Europe has been experiencing similar attempts to silence speech. A law passed in the Bundestag this year will force social media companies operating in Germany to delete racist or slanderous comments and posts within twenty-four hours or face a fine of up to €50 million if they fail to do so. Additionally, numerous public figures have found themselves charged with hate speech crimes for merely pointing out the relationship between the large influx of non-European migrants and high crime rates, particularly in terms of rape and terrorism. One politician in Sweden was prosecuted for daring to post immigrant crime statistics on Facebook.
In Great Britain, British Freedom of Information documents reveal that around twenty-thousand adults and two-thousand children had been investigated by the police for comments that made online. In politics, British MP, Paul Weston (1965 – ), found himself arrested after he quoted a passage on Islam written by Winston Churchill (1874 – 1965). In Scotland, a man was charged under the 2003 Communication’s Act with the improper use of electronic communications after he filmed his dog making a Hitler salute.
In Australia, Herald Sun columnist, Andrew Bolt (1959 – ), was found to have contravened section 18C of the Racial Discrimination Act after he published articles accusing fair-skinned Aborigines of using their racial status for personal advantages. The law firm, Holding Redlich, speaking for a group of Aboriginal persons, demanded that the Herald Sun retract two Andrew Bolt articles, written in April and August of 2009, and restrain Bolt from writing similar articles in the future. Joel Zyngier, who acted for the group pro-bono, told Melbourne’s The Age:
“We see it as clarifying the issue of identity—who gets to say who is and who is not Aboriginal. Essentially, the articles by Bolt have challenged people’s identity. He’s basically arguing that the people he identified are white people pretending they’re black so they can access public benefits.”
Judge Morcedai Bromberg (1959 – ) found that the people targeted by Bolt’s articles were reasonably likely to have been “offended, insulted, humiliated, or intimidated.”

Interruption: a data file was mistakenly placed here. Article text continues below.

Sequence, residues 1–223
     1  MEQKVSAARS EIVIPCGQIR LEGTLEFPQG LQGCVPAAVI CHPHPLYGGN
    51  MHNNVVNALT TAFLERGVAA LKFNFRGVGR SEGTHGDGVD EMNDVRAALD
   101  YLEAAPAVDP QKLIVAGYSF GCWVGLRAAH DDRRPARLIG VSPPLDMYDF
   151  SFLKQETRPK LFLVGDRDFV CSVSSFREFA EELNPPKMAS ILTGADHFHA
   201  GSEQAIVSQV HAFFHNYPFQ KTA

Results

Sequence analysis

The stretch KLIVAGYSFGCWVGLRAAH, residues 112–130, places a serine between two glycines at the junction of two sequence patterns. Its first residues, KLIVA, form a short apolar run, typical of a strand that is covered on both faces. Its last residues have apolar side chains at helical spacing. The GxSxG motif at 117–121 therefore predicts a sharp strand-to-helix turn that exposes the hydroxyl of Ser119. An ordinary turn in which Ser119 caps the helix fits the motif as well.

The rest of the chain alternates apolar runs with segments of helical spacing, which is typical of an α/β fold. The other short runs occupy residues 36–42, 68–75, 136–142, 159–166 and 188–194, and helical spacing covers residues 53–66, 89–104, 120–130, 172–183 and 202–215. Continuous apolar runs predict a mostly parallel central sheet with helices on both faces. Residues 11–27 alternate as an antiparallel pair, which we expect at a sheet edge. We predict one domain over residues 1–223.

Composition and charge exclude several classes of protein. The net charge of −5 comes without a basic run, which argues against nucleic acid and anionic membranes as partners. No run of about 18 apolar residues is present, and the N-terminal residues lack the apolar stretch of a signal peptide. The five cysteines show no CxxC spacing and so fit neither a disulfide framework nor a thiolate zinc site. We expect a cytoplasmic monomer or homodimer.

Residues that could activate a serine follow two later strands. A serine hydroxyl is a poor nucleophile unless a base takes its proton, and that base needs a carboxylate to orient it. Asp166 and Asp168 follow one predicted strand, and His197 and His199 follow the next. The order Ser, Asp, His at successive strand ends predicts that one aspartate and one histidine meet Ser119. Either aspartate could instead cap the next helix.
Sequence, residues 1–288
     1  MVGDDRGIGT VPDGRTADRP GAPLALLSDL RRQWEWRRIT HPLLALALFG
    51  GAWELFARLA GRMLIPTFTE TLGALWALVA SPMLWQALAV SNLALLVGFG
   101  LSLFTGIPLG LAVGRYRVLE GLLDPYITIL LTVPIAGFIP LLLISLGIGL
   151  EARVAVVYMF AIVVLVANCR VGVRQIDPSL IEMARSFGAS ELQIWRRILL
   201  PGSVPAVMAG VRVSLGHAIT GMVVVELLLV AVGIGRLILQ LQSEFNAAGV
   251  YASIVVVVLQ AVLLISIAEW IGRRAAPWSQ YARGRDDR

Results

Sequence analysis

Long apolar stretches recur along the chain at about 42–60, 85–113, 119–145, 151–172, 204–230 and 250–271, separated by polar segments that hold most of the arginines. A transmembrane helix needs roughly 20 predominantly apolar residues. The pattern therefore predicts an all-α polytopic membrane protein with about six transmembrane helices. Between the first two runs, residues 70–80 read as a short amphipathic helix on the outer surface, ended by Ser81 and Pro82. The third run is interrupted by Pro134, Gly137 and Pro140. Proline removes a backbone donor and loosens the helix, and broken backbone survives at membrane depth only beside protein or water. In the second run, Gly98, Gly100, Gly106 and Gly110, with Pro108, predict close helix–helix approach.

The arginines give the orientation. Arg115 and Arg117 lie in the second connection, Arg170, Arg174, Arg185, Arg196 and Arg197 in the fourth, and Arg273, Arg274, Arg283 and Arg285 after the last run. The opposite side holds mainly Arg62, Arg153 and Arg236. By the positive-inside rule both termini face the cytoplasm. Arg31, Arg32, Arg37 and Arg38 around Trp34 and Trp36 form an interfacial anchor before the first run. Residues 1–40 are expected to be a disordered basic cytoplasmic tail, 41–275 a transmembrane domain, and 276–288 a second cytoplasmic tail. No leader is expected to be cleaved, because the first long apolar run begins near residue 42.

We need speech to be as free as possible because it is that which allows us to exchange and critique information. It through free speech that we are able to keep our politicians and public officials in check, that we are able to critique public policy, and that we are able to disseminate information. As the Canadian cognitive psychologist, Stephen Pinker (1954 – ), observed: “free speech is the only way to acquire knowledge about the world.” Measures taken to restrict free speech, whether it be the criminalization of hate speech or any other, is a complete contradiction of the principles that free Western democracies are founded upon.
Kofi Annan, the former Secretary-General of the United Nations, has stated that disagreeing with globalism is like disagreeing with “the laws of gravity.” Similarly, new French President, Emmanuel Macron, another supporter of globalism, wishes to deregulate France’s ailing industry and boost freedom of movement and trade. Donald Trump’s election to the US Presidency, and the UK’s decision to leave the European Union, however, have challenged the presumed supremacy of globalism as a political force.
The roots of globalism can be traced back to the 2nd Century BC when the formation of the Silk Road facilitated the trade of silk, wool, silver, and gold between Europe and China. It wasn’t until the 20th century, however, that the idea gathered momentum. Following the Second World War, world power was to be split between America, representing the capitalist west, and the Union of Soviet Socialist Republics, representing the communist east. Following the collapse of the Soviet Union in 1991, America took it upon herself to create an undivided, democratic, and peaceful Europe.
Of course, the aim for an undivided Europe, indeed an undivided world, existed long before the collapse of the Soviet Union. In 1944. Allied delegates, met at Bretton Woods, New Hampshire, to establish an economic system based on open markets and free trade. Their idea gathered momentum. Today, the Monetary Fund, World Bank, and, the World Trade Centre all exist to unite the various national economies of the world into a single, global economy.